President Barack Obama's proposed American Jobs Act could rain millions of dollars onto Hidalgo County's cash-strapped school districts, which have struggled to secure teacher jobs and afford school renovation projects.
But local educators held little hope that the bill could pass through the embattled Congress and provide any substantial help before the end of a highly partisan election season.
"Do I have a crystal ball?" said Marla Guerra, superintendent of the magnet South Texas Independent School District. "No, although I'm optimistic that hopefully something good would happen."
Obama's proposal could send Guerra's district more than $1.5 million in teacher stabilization funds and nearly $1.5 million more for school modernization, according to estimates from the Austin-based education law firm Moak, Casey and Associates.
"I'm realistic to say, 'Hey, if it comes our way, we could really use this funding,'" she said. "But if it doesn't, we would really tighten our belts some more."
The White House has not released exact details about how local districts could spend the $60 billion in education funds.
But Guerra said her tight budget could use breathing room to pay for what she said were much-needed improvements to many of her campuses, including the 30-year-old South Texas High School for Health Professionals, or Med High, in Mercedes.
In a conference call this week, U.S. Rep. Henry Cuellar, Laredo, bluntly said his Republican counterparts had no interest in any legislation that spends new money.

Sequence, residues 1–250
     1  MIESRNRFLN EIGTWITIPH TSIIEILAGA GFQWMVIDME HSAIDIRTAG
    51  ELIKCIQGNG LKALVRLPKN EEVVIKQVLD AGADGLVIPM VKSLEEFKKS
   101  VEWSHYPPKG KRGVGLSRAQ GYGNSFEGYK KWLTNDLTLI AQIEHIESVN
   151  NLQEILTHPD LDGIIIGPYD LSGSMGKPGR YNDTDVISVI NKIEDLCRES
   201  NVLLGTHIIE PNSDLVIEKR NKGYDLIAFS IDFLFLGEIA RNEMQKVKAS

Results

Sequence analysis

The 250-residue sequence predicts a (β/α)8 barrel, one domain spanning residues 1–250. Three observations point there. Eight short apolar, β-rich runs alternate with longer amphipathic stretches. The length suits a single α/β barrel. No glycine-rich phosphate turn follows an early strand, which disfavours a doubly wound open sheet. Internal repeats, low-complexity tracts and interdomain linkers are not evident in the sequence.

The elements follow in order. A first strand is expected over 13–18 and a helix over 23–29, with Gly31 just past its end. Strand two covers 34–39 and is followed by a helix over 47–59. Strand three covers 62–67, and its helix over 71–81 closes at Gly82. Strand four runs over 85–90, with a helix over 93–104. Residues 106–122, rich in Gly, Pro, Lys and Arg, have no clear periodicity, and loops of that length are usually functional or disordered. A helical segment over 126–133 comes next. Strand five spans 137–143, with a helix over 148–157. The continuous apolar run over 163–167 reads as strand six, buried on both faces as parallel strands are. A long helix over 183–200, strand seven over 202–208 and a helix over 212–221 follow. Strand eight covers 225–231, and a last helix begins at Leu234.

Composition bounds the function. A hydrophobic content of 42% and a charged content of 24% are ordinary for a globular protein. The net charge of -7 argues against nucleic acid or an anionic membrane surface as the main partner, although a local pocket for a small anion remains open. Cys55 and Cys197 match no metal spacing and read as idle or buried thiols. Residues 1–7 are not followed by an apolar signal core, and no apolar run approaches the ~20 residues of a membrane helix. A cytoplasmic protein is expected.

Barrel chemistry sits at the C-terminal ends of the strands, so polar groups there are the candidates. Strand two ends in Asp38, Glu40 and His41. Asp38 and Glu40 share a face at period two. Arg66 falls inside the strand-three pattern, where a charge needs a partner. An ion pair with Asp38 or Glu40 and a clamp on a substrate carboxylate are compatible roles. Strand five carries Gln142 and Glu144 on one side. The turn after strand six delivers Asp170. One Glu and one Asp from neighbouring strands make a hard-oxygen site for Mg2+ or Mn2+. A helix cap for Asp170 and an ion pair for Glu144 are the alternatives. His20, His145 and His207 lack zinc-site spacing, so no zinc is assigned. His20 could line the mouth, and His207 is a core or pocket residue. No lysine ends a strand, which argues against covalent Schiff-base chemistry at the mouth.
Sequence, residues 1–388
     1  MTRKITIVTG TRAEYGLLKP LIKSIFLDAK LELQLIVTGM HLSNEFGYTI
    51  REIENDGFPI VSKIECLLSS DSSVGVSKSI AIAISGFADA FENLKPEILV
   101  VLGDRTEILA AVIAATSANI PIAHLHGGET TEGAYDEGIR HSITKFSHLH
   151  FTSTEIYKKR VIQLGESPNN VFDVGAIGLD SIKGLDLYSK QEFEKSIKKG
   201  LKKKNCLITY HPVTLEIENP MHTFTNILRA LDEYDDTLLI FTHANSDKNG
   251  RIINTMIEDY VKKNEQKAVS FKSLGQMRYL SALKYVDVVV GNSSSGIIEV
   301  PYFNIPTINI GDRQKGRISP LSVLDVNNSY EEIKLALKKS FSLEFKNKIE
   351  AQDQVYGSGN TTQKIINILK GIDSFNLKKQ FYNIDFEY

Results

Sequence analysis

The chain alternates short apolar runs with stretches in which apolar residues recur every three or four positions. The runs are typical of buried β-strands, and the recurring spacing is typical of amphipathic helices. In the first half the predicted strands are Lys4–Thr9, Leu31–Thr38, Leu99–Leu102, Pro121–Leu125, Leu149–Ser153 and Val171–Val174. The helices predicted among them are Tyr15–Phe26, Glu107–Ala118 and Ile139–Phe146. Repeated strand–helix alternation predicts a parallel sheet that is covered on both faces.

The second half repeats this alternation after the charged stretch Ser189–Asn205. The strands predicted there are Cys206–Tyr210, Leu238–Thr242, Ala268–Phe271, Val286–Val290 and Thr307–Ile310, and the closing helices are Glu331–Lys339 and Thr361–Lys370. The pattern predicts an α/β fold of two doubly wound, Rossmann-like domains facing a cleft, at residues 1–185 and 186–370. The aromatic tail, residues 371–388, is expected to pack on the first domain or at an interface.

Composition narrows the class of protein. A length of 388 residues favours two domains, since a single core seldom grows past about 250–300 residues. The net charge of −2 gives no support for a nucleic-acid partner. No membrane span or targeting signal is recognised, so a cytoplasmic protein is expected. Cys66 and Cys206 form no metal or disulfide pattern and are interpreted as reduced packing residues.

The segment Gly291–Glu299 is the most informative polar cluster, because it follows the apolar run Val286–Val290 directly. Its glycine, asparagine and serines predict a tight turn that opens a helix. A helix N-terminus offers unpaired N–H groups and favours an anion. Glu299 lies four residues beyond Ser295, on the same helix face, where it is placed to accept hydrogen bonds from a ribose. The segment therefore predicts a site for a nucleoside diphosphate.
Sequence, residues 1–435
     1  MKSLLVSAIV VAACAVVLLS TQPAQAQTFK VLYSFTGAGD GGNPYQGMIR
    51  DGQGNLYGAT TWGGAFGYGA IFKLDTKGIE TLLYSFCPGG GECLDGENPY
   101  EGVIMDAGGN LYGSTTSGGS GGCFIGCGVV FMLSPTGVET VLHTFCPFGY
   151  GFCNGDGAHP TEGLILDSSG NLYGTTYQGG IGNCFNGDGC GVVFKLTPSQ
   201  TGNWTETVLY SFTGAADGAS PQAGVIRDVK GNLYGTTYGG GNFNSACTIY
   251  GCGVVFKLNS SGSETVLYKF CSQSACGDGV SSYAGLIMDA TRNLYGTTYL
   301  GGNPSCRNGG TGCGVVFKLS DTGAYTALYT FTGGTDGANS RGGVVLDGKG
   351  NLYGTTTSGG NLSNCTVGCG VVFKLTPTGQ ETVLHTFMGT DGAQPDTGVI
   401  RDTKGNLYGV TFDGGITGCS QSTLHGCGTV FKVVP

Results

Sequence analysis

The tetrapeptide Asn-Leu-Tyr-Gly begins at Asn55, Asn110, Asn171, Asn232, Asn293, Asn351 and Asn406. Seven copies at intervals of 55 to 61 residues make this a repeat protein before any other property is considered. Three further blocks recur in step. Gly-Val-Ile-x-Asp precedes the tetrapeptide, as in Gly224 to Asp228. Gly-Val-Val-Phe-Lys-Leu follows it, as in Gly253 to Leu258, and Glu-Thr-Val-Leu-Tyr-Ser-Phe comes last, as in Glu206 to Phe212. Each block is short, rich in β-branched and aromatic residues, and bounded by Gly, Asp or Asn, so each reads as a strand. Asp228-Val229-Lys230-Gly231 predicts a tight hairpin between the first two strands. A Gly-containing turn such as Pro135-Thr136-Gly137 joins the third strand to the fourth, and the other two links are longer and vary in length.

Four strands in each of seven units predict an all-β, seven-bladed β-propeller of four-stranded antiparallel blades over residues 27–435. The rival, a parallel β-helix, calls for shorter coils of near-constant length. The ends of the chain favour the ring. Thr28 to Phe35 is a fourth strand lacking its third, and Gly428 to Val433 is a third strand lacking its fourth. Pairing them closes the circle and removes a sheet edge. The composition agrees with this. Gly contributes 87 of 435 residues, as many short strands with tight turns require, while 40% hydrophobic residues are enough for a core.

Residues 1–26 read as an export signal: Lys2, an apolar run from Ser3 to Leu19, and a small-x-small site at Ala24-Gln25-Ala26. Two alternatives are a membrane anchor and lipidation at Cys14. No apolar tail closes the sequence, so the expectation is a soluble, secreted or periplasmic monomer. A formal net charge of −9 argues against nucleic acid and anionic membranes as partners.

But he said the president's plan could prove a boon to many of the schools and local economies in his district, which includes Sharyland, La Joya, Mission, Hidalgo, McAllen and Pharr-San Juan-Alamo.
"This will create jobs without a doubt," Cuellar said. "Imagine what that would mean to the McAllen area, the Hidalgo area and the type of ripple effects it would have by spending that type of money in school construction.
"This is an investment for our schools and our kids," he said, but also for "folks that do (construction) work, architects, contractors."
In the Edinburg district, Superintendent Rene Gutierrez said $35.9 million would go a long way toward renovating aging facilities such as the old Harwell Middle School.
That campus has required the school board to pull millions of dollars from its cash reserves to turn it into the district's fourth high school.
"Again, we don't know the details, but it's a possibility we could reclassify some money and put it back in our fund balance," Gutierrez said. "For a growing district like us -- we have enrollment over 1,000 kids in middle schools -- we need to address how to buy new campuses."
Like Cuellar, the superintendent expects that with an estimated $19.8 million, his district could get more teacher stabilization to relieve the local economy. He does not anticipate hiring new teachers soon but said the money could at least ensure more educators wouldn't join the unemployment lines.
"We would reclassify locally funded teaching positions so we could save more money for the future," Gutierrez said. "It may not add jobs right now, but it would help us keep our staff.
"We would not have to face the idea of laying anyone off."
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